I ended up re-reading this book yesterday because I needed something to make me laugh. I have always gotten a kick out of Jen Lancaster's older memoirs and even though I know them by heart, I still laugh each time. I think my main take away at reading this again after several years of reading her latest memoirs is that her older memoirs were more honest and up front about her life and family. Nowadays it feels like she always keeps things back. And she mentioned in one of her memoirs she was estranged from her family. And now it seems she is only estranged from her brother (who I loathed in this book and the others where he makes an appearance).
Jen Lancaster in her first memoir details how she and her now husband (then boyfriend and fiancee) were living the high life in Chicago, and then they were not. Due to the economy and dot.coms being on the upswing prior to 9/11 it seemed like the young and up and comers were making money hand over fist. And then Jen is fired due (according to her) her boss wanting to make sure that her family member got a job that Jen was already doing quite competently. From there we go from Jen being angry and then depressed when it becomes readily apparent she is not able to find a job that matches her skill level. When her boyfriend Fletch loses his job as well the two of them have to dig deep and move elsewhere while their finances keep spiraling out of control.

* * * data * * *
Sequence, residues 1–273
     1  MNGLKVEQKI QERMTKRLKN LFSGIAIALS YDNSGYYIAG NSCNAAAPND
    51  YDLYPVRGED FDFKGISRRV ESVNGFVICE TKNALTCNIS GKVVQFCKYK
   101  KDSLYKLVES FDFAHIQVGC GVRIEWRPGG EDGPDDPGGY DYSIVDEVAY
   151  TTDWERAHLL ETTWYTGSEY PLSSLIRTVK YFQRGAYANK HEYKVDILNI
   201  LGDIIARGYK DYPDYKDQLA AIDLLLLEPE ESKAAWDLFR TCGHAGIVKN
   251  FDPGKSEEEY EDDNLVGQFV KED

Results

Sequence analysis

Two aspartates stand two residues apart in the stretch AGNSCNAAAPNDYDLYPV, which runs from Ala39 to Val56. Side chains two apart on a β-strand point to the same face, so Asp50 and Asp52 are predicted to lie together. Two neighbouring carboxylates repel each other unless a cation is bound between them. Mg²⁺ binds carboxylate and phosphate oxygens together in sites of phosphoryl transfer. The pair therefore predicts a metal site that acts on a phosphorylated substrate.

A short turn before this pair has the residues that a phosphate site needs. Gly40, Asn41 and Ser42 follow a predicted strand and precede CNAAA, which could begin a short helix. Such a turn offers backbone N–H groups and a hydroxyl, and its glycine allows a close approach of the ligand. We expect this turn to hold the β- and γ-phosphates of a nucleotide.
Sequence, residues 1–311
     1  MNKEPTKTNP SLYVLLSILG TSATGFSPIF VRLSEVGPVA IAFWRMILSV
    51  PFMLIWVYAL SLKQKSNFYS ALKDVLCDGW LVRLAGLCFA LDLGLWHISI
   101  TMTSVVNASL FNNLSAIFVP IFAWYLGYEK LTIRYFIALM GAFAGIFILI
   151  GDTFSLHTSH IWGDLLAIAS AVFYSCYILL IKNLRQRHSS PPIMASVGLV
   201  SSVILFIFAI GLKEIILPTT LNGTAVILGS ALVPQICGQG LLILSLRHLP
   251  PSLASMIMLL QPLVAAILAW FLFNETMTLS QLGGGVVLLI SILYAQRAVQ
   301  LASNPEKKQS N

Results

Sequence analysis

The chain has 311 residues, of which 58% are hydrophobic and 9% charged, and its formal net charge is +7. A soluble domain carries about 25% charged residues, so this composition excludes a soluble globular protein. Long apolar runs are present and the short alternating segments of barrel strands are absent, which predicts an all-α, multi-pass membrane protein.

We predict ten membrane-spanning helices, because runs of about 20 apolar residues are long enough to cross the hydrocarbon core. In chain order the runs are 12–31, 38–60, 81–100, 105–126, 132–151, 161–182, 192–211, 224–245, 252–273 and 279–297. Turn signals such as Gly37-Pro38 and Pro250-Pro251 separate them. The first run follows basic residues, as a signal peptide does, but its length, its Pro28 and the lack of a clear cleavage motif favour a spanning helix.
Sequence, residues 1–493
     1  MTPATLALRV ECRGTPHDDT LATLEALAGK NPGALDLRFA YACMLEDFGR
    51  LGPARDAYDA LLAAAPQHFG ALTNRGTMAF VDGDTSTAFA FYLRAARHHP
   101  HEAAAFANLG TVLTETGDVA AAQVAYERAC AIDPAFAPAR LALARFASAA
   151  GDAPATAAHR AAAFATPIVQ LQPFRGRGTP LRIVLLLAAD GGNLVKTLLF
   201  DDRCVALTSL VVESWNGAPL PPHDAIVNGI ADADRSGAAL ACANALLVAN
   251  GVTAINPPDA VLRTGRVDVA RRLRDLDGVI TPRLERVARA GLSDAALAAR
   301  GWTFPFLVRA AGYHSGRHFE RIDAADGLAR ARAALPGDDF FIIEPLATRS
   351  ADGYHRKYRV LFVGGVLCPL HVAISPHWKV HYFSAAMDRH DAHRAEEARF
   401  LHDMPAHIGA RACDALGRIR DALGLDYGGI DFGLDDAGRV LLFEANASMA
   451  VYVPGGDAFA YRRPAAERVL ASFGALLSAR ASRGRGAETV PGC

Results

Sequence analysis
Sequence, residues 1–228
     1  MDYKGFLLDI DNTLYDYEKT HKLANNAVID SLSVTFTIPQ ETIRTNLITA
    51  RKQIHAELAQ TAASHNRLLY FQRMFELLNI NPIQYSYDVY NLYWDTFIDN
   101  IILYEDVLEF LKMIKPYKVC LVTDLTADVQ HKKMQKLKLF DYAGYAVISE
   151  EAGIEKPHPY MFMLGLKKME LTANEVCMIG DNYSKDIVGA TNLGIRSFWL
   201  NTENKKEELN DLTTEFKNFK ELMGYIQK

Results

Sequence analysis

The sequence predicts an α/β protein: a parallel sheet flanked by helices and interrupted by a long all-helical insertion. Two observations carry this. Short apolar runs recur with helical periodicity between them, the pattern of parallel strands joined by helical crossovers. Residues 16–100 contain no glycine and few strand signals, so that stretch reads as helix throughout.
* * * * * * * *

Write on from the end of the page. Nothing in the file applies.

I liked seeing Jen go from being in her own words spoiled and realizing that the choices she made in life (spend thousands and thousands of dollars on stuff instead of saving it all) were partially to blame for the situation that she ended up at. Also I think this book really showcases how hard it is sometimes to trust people you work with cause they will stab you in the back to get ahead. I always wonder what happened with Jen and her co-worker that she was close to who she was trying to talk out of having an affair with some idiot they worked with. She like many of the characters in this book disappear never to be heard from again.
Ultimately Jen and Fletch make it out okay though they had a hard time in their lives.
I will say that since I read the other memoirs you can definitely see that Jen's writing and stories have gotten better over time. I found her a bit hard to take at times while re-reading this. And God knows I tend to not have a lot of sympathy with formerly upper middle class people who don't realize that saving their money is a good thing. But I feel for Jen since it was definitely a hard thing for her to swallow.
Jen's family is a bit much to deal with in book #1. I didn't care for her brother who seemed nasty and a piece of work. Her mother also seemed overly dramatic. We only get bits and pieces about her father though. And we learn enough about Fletch's family to understand why they are not part of their lives. When Jen delves into things like this, it really is when the book gets better. I really didn't get her obsession with her dogs, (I have a cat) and thought that some of that could have been cut. And maybe I am a jerk, but reading this years later, I don't understand why they kept two dogs that I am sure cost a lot for them to pay for when they were days away from being evicted from their apartment. Heck, it sounds like Jen gave her one dog to her parents before, so I am puzzled why that wasn't a solution here (just having the two days stay with her parents til they were back on their feet).